Michel> We released the film january 2022 but we started from a conversation we had with the kids during the first lockdown, around april 2020. We didn’t solidly work on it for two years, it was just a matter of organization, the idea, the writing, finding scenes the kids liked and also deciding how to create in a too-small dodgy garage with no equipment for chroma key (and no special skills). It t took us a LOT of time.

So we really started to shoot august 2020 when we integrated it into our personal schedule. The goal was to make one scene a day, but if the kids were in a good mood we could do two or three. There were scenes that didn’t go well, we probably imagined 150 in total and we were only able to shoot on tuesday and friday evenings and occasionally, saturday mornings. It was integrated like an extra school activity, football, music, skateboarding and making a short film! The kids adapted to this, they’d plan scenes after school on a friday and they’d practice dialogue in the car. They were amazingly professional.

Then, the second lockdown started, so we had even more time. All extra school activities were cancelled - so we were able to finish in december by shooting on wednesdays and sundays, again no more than two scenes each time. At 10 years old we always wanted it fun for them, a game. But this wasn’t the hardest part, post production was, because I had no clue how to create it after all the work was done. Believe me, the green screen you see in films are real and the one we built was with some construction lighting! There was not enough space and I was absolutely not prepared to use chroma key. I learned that the internet is your friend, always. 

I know how to edit so there was no problem with that and I was confident that in my ability of telling stories and building them. That was a pleasure but 2021 was also the busiest year for us in advertising. We did great projects in France, the UK, Switzerland, Spain, and Canada, spending time on everything else than our project. Any free time I had, I was able to work on the film, without any kind of pressure. Nico did the animations, we imagined new ideas, new ways of telling the story, we making the kids record new dialogue to use as voiceovers.

If I look back, we worked very hard on this, I finished the edit/post in autumn 2021 (just after a two month project for the RBC in Canada). In the first edit, not all of the VFX was done, the titles and grade were to be finished but the film was there, we created something from scratch with our kids in a garage, a thousand euro camera and €481.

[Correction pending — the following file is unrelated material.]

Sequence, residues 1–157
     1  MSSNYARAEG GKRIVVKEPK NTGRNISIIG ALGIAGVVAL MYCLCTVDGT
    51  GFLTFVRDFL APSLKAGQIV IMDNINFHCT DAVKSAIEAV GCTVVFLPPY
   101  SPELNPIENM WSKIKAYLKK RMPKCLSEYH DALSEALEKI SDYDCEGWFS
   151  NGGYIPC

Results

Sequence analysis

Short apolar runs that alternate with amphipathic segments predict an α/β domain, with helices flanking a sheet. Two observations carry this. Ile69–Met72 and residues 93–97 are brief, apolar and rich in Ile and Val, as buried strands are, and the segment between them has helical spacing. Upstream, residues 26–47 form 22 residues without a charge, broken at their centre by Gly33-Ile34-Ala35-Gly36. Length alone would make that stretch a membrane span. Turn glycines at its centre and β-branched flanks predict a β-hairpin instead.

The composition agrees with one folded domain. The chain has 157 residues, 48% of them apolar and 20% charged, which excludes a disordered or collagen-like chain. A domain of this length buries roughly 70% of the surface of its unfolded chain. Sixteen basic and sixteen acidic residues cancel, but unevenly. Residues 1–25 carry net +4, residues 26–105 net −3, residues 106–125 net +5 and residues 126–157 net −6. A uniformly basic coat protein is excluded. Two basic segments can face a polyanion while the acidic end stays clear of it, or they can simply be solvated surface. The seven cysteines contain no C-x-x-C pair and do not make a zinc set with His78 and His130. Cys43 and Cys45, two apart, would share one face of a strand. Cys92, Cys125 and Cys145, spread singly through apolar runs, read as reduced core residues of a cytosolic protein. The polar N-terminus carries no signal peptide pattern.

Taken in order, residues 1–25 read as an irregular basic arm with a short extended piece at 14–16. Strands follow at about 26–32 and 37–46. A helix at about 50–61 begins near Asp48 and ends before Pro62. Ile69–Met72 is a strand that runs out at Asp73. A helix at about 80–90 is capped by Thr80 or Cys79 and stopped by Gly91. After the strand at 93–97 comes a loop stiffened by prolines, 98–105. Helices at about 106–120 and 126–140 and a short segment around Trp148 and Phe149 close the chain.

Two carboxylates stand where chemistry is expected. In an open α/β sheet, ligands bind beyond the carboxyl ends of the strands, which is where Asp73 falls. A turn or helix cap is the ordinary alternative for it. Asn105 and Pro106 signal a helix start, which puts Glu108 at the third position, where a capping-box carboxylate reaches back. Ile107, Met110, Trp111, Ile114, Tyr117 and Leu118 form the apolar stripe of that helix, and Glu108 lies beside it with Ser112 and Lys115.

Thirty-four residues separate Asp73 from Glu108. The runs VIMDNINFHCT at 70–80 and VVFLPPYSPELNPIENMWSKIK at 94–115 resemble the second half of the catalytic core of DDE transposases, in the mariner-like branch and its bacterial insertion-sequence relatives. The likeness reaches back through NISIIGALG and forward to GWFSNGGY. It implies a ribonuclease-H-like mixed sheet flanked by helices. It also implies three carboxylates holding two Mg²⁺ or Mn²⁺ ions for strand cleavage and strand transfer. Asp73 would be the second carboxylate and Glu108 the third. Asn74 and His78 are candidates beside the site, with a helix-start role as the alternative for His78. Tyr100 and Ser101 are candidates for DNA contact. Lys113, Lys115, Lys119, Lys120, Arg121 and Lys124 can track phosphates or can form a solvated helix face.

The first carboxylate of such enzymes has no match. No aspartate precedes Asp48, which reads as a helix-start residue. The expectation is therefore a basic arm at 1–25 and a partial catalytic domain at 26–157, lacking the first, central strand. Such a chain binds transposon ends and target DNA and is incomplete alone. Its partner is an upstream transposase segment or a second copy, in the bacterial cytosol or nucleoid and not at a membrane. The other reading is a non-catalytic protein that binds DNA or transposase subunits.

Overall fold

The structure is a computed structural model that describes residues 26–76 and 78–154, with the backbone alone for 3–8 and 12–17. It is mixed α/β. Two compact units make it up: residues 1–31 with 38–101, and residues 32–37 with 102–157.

So Nico took the draft edit in december and worked on the sound while I finished the post and all the finer details.




LBB> What has the response to this piece been like, compared to the first one?


Michel> Anything for Love moved people, it’s fresh, the kids are super young. The new one lets them have fun and that’s exactly what we were looking for, to show a different side. After it was finished, it took me two weeks to release it. I don't know why, maybe because it was part of my everyday life. 

We put it on Vimeo and now it's over, end of story. We can think about a new film, that’s how I feel about it, we did it and that was the only goal. Then we received a staff pick from Vimeo and we started to get interest, positive comments, and virtual high fives, it made me really proud as a dad, not as a filmmaker. I was proud because of what we we're representing as a family. Now we are starting to receive awards, as I wanted to see how this short could be received at award festivals, and it’s great, already been awarded and shortlisted six times!



LBB> What can we expect to see next?


Michel> I think that magic exists, I say it all the time to Sacha. One week after the release I had a conversation with Cynthia Okoye at Curtis Brown group in London, they represent directors for TV and cinema, and I never hide the fact we want to explore that universe too. We learned so much doing documentaries and advertising, I really think we’re ready now for a new step - drama and comedy. We just want to tell stories, so we joined the agency all because of a short film we did with our kids - a great story isn't it? 

In a few weeks, with Cynthia who is now our agent, we will start having meetings related to TV/feature projects and we’ll start looking for TV/Feature projects with Kira at Merman in the US too. She is a super creative and ambitious producer and understood what was our common ambition is, I am pretty sure we will have something concrete coming soon. 

So who knows what to expect next? Well, we’ve been educated by drama, by movies and by science fiction, so these meetings represent fiction becoming a reality to us. Hopefully one day I will be able to thank Sam Raimi in person for his tip! 
 
Today I can honestly say, I don’t really know what’s next, but things sound good. We love working in advertising, the challenges are always exciting and we put 200% into every opportunity. Just being happy to be here and doing our best is the main thing we want to teach to our kids – do it and do your best! That’s what this short film represents, no matter how this was created and how it looks today, we did our best as a team.

So yes honestly, I would love that one day, 4 The Cool becomes a real collective and so instead of only Michel and Nico, people would come to us all. We already did it in France, creating official campaigns for Decathlon and Hyatt group last year with the kids, clients and productions wanted them as they wanted us, so I guess my vision is a fair one. 



LBB> Would you like to share anything else?


Michel> Well, I just want to thank everyone who’s read this until the end!



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LBB Editorial, Fri, 08 Apr 2022 15:50:29 GMT